Then there is the next decade, the one where I was terrified to turn thirty! You remember that mid-life crisis, sadly, me too. This is where I really understood that although you were giving me moments that seemed to last forever, they didn’t, they were gone in sixty seconds too. This is the decade that I will most remember you see, it’s the one that has grounded me, the one that has become, well, “me.” How do I sum up a lifetime within this decade? You have made this decade the most eventful and the most profound no doubt. This is the one I met my soulmate, the guy that has loved me most, even on the worst days. You gave me the gift of love, friendship, and companionship with “my guy,” … for that I am most grateful. You gave me my fairytale wedding on the grounds of heaven amongst the most meaningful people in our lives. You gave me one last walk with my dad, hand in hand with my son, to the hand of my husband. You gave me our best friends at our sides (in a hot and sweaty line, I am always so sorry to them for that, why didn’t we give them shade?) Anyway, you gave me my husband’s grandfather blessing our marriage, and the most love that I have ever felt. You definitely helped play a hand in luck with my in-laws, so I speak for my most grateful heart, thank you. You gave me this new found zest for living and this insatiable love of travel. You have shown me so many hidden treasures this world offers. You have given me a much larger family and so many adventures. You made me an aunt with the coolest nieces and nephews. You took this decade to complete me… this is when I finally made it back to college and earned my English Teaching BA from the University of Utah. You put me across the table from one of the most transformative mentors of my lifetime, you “metcalfed” me. You let me walk so proudly in front of my son to show him that anything is possible and that giving up on yourself is not an option. You gave me the gift of the classroom and the pain of saying goodbye to coaching when my family called me home. You gave me the gift of motherhood two times more this decade too. How did I get so lucky? The birth of my son and daughter this decade and the whirlwind of time they’ve ensued has been far too fleeting. I am often in awe of these tiny humans that they are the best parts of me. My son is vibrant and has a way of delivering these one liners, he emulates his big brother, and wants to be larger than life most days. My daughter, oh the sweetest icing on the cake, the book end that has turned my husband into the most remarkable man. Her smile and her eyes light up the room, there isn’t a dark cloud around her. Don’t you think this next decade you can meet me in the middle and slow down a bit? You’ve placed me on the sidelines learning this whole new role of being a goalie mom, I mean did you think I could really stomach watching 50, 60, 70, now sometimes 90 mph shots of a hard rubber ball from a launching device thrown at my son? You heard me, I didn’t mis-speak, “AT” my son!! But like always, he hasn’t let me down and he’s made the job a little easier. You placed me next to some pretty awesome people on those sidelines and have given “family” a much wider scope and meaning. So now I have a village and a tribe and my heart is left reeling. You led me to my mat and that single act has repeatedly saved me. I can’t give you too much credit though, it’s beginning to sound a little too flattering. You also gave me grief, I mean, this is also the decade that you took my only grandfather from me… don’t you think that was a little insensitive? I know we can’t all live forever, but maybe just a little bit longer would do. Then you taught me about cancer… F!! that shit! This is the decade that I think I am struggling to finish the chapter to most because as much as its given me, what it has taken from me is even harder. This is the decade you took my Craigers and there isn’t a moment, even fleeting, that I haven’t ached for just one more second. I do appreciate the thirty seven years you gifted me with them and the eight years with my husbands Mor Mor; how lucky am I to have made saying goodbye impossible. You have given me the most challenging times this decade and the most self-reflection.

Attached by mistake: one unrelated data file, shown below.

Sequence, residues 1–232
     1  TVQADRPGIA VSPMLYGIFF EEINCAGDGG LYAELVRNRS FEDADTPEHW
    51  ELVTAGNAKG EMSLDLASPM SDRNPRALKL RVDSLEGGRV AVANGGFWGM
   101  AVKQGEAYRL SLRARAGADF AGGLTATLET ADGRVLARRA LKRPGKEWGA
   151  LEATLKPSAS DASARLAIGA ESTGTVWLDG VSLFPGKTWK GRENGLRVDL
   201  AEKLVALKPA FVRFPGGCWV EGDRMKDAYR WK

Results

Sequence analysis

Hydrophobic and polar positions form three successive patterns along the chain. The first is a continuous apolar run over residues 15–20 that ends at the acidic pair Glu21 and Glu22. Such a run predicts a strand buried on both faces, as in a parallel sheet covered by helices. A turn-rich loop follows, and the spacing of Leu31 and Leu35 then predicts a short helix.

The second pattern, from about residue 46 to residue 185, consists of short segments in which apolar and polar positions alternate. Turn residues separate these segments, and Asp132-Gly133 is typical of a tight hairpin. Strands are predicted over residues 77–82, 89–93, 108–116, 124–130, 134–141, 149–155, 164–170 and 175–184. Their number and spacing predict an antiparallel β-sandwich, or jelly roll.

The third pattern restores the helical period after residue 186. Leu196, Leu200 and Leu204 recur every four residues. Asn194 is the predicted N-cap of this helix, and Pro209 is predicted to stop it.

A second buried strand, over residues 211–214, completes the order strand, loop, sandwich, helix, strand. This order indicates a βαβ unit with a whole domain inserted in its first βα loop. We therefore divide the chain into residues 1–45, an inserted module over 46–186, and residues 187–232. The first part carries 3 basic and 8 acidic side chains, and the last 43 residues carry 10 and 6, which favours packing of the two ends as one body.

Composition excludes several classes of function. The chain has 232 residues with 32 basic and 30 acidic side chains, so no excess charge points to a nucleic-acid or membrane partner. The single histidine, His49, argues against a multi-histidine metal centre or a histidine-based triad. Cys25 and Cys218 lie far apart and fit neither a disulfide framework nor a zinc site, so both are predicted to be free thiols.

I am not sure that I agree with ol’ Tim McGraw on this one, I don’t feel thirty is when we can sing, “in my next — years,” rather forty. Forty is when the surest footing, strongest calling, and most important years flourish. At least, that is what I believe and find most hopeful. As painful as saying goodbye to the last 39 years may be, I embrace this time full heartedly. I may even come around to embracing the fine lines, age spots, grey hairs, and wrinkles… after all, I have smiled a lot, laughed often, and have cried too… therefor, I have earned them! I have felt love, heartbreak, happiness, joy, and sadness. I have felt peace, I have found myself and try hard not to lose sight of that little girl I once was and in my heart will always be.
As we move forward together, it is my wish for us both to slow down a bit, to fully live in each moment, to not take this life we share for granted. We have a lot of work to do you and I… there are dreams I must make happen, there are goals, I need to achieve… I can’t do them without you. Despite our “moments” we are in this together, for the long haul. You are the greatest gift I have ever been given… you come offering more than I ever could have imagined. Packed up inside you is this complexity that is beautiful, it’s a raw beauty and it is as real as it gets. You are as real as it gets. Let’s write this next decade together, without regret, closing the chapters of our failures and stay grounded in our successes.
So, 40, thank you. Like I said before, you and I may not always agree and I don’t doubt that there will be moments of struggle ahead, but for what it is worth, I love you.